The Directorate of Air Safety has been kept in the ‘dark’ over the concerns of bird-hit threats to flights at the upcoming Navi Mumbai International Airport (NMIA), environmentalists said quoting an RTI response.
Environmentalists have been raising voices against the burial of wetlands and destruction of landing sites of thousands of migratory birds stating that this could increase bird-hit gangers to the NMIA flights.
The CIDCO targets to launch the first phase of the Rs 16,000 crore Navi Mumbai International Airport (NMIA) within the next two years.
In this context, environment-focused NGO NatConnect Foundation filed an application with the DGCA under the Right To Information (RTI) Act seeking information on the risk mitigation measures against the possible bird-hits at NMIA.
NatConnect Director B N Kumar said: “We sought to know the process or protocol of safety measures that DGCA takes before giving clearance to any national or international airport, the studies done by the DGCA or IAAI on the possible bird hit dangers to flights at the upcoming Navi Mumbai International Airport, the Environment Assessment done for the Navi Mumbai International Airport and the mitigation steps planned to ensure safety of flights, passengers and crews in view of the concerns of bird hit threats.”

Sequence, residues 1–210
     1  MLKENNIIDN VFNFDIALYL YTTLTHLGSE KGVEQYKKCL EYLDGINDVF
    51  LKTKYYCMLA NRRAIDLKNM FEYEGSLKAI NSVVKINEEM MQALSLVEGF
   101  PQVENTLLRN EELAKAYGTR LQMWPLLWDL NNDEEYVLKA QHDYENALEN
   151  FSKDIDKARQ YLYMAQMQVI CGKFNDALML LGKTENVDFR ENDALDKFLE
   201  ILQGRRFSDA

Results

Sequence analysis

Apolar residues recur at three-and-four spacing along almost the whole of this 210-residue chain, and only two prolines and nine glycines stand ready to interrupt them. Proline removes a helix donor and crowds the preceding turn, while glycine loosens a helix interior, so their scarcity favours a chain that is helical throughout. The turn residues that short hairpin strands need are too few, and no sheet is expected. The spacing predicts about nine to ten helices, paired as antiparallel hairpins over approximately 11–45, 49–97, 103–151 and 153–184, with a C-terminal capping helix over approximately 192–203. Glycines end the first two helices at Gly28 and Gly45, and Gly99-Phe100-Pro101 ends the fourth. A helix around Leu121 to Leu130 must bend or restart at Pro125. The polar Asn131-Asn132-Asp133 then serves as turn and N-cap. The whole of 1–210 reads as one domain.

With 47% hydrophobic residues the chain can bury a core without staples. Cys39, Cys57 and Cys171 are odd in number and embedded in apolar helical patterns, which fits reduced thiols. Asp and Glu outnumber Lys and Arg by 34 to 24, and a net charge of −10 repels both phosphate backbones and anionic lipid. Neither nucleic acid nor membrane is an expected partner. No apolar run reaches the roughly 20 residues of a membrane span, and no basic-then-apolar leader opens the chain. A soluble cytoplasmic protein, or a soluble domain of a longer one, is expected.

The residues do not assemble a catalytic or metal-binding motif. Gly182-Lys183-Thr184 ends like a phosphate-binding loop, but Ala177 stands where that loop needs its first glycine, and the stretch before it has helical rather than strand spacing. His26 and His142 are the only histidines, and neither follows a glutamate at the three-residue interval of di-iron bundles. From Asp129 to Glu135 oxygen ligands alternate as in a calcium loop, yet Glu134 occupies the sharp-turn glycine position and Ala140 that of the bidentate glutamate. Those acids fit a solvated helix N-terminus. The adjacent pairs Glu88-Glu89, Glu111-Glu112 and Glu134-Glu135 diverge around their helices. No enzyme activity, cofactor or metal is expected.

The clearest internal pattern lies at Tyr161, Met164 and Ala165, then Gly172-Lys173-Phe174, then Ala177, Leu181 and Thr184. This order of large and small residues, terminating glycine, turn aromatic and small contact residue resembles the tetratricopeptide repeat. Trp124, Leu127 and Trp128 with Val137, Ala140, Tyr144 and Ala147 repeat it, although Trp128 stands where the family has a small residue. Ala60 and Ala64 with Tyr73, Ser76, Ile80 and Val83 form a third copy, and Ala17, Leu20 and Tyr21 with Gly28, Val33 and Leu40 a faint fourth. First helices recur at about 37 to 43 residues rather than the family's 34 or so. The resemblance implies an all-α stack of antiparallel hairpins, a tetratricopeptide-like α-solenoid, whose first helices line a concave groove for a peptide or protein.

The application has been referred to different Public Information Officers (PIO) and one of them has responded: “The information sought is not available with the Directorate of Air Safety”.
“This is absolutely shocking. That such an important department does not have the key information. This shows that the DGCA has been kept in the dark about the important developments,” Kumar said.
It may be recalled, BNHS and several environmentalists have been writing to the Maharashtra Government asking it to stop the destruction of the wetlands in Uran and other parts of Navi Mumbai.
The then BNHS director Deepak Apte said in his letters to former and present CMs that the three major roosting sites in the vicinity of NMIA which provide safe refuge to the birds are being filled by NMSEZ. Though birds prefer wetlands, in the absence of safe places, they could flock to high ground airport zones which could provide them safe refuge.